File: There's some good news for your disposable income as debt is now cheaper. But at the same time, you'll be earning less interest on your savings.
JOHANNESBURG - The South African Savings Institute (Sasi) kicked off its annual July Savings Month activities by encouraging South Africans to come up with innovative ways to save.
Sasi chairperson Prem Govender introduced the monthlong initiative as an opportunity to generate awareness about savings issues and contribute to the financial wellbeing of local consumers.
The latest savings statistics make for grim reading.
Sasi noted that the household savings rate had plunged from an already poor 0.4 percent of gross domestic product last July to negative 0.5 percent this year, effectively labelling South Africa as a nation of dissavers.
And while levels of household debt have improved slightly from 82 percent of disposable income five years ago to 71.9 percent today, there are concerns that this improvement is due to a tougher lending environment rather than improved consumer financial behaviour.
This dissaving trend contrasts starkly with the experience in emerging economies like India and China which boast household savings rates well into the double digits, despite average incomes being up to three times lower than locally.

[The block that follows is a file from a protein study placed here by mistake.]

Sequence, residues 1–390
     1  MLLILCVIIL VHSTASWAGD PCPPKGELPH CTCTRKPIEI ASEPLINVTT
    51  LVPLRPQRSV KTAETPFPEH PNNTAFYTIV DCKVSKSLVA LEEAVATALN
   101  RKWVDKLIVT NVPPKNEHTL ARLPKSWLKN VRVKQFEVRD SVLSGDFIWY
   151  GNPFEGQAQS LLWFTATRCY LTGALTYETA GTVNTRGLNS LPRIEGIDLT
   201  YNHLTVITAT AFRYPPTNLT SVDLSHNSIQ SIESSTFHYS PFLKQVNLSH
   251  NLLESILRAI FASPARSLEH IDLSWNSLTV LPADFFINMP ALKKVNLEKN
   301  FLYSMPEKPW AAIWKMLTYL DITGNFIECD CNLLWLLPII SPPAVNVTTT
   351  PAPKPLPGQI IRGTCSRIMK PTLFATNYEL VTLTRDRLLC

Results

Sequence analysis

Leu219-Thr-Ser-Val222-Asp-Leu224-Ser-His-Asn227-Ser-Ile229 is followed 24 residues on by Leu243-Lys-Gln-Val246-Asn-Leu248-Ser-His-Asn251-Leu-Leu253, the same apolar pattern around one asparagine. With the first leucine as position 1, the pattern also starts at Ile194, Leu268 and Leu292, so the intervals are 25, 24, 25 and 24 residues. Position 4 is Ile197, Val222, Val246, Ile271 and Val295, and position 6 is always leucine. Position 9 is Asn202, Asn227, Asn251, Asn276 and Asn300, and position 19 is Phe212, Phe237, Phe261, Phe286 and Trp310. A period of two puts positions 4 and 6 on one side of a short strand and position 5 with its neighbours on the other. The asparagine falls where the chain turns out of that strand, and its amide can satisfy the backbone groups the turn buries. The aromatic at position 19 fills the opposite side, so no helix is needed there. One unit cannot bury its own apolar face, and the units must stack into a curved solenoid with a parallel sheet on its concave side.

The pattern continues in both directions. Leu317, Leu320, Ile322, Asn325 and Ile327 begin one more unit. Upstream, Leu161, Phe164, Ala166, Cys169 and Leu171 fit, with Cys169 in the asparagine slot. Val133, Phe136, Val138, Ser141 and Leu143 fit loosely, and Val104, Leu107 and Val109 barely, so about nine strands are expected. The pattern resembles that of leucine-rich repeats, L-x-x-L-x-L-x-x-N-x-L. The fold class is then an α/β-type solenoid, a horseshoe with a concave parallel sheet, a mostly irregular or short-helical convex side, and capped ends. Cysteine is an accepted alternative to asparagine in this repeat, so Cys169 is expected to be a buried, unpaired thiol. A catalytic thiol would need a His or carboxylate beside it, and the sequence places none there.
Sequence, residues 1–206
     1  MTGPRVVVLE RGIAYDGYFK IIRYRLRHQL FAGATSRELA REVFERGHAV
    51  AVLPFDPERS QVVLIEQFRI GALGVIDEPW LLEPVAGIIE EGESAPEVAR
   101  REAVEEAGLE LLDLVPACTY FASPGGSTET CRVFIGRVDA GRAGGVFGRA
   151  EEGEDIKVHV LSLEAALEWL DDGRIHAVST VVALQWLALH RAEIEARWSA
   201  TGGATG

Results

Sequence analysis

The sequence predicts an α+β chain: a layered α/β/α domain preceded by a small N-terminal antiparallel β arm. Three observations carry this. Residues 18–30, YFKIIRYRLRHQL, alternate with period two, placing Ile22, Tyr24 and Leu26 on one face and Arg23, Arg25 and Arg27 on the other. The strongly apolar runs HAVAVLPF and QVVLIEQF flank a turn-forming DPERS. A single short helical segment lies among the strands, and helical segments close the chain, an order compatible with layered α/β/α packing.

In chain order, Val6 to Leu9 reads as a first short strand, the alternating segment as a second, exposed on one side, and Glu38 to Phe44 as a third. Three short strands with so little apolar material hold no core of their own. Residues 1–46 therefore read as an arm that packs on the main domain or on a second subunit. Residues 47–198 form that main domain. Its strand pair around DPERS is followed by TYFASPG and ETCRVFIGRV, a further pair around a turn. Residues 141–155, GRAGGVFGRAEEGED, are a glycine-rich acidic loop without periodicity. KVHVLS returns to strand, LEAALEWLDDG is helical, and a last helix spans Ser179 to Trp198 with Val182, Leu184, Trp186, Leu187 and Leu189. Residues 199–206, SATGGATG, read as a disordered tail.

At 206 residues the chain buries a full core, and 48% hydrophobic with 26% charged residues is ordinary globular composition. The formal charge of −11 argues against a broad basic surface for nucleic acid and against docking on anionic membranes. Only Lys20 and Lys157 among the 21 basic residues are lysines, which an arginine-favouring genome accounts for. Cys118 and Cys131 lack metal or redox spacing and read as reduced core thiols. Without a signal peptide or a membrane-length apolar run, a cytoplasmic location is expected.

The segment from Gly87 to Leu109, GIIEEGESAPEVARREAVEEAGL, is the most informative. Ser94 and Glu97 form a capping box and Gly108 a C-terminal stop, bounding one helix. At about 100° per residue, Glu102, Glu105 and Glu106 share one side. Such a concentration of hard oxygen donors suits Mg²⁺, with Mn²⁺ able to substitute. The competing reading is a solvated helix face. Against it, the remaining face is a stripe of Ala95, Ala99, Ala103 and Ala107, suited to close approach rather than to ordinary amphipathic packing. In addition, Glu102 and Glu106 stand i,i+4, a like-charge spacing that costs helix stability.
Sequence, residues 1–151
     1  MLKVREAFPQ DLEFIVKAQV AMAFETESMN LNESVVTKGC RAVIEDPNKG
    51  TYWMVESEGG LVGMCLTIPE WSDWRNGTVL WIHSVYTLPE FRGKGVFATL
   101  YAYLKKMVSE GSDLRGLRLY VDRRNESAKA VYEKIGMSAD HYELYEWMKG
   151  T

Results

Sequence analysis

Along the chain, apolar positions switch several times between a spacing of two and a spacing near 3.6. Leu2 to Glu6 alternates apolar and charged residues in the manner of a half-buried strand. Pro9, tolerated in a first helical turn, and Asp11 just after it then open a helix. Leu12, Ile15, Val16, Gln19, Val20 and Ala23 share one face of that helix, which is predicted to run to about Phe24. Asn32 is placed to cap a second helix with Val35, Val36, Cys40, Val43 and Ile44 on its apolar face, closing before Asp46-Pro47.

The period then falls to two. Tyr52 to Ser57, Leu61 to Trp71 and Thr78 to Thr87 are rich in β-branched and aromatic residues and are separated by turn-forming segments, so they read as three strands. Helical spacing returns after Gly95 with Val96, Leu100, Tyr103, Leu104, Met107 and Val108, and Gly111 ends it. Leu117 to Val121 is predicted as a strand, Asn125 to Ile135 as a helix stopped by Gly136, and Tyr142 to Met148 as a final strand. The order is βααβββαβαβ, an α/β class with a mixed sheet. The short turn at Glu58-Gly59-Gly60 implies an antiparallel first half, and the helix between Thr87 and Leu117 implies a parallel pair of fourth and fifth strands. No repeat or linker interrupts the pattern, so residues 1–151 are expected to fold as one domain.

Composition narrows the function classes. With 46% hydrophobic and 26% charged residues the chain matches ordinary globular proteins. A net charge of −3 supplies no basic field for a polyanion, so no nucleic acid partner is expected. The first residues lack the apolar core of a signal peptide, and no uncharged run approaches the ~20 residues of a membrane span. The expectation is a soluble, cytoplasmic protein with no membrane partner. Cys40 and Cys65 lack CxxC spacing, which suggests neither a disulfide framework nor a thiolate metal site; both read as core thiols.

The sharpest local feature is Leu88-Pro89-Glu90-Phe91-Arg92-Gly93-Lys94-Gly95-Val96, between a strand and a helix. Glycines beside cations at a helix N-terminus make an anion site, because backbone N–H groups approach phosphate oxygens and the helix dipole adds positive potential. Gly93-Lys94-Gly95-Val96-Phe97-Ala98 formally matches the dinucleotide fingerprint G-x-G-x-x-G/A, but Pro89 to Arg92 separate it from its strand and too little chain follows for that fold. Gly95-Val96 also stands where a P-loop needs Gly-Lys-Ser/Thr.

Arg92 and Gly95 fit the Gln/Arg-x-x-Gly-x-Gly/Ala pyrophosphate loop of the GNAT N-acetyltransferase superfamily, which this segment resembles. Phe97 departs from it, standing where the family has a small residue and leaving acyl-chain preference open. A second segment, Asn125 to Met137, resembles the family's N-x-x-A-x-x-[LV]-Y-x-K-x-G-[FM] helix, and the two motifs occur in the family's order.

South Africa faces an uphill battle to bolster its ailing savings culture at a time when economic hardship is making it increasingly difficult to save.
"Lacklustre economic growth, rising unemployment (particularly among the youth), cost of living increases and a rising tax burden all helped to turn our poor savings culture into a systemic developmental issue," said Govender.
"We believe South Africans can save and invest more locally for the betterment of our economy domestic savings can be a driver of internal economic growth."
She added there was a growing need to equip the youth with savings knowhow to directly impact their earning power wealth creation abilities and access to basic comforts.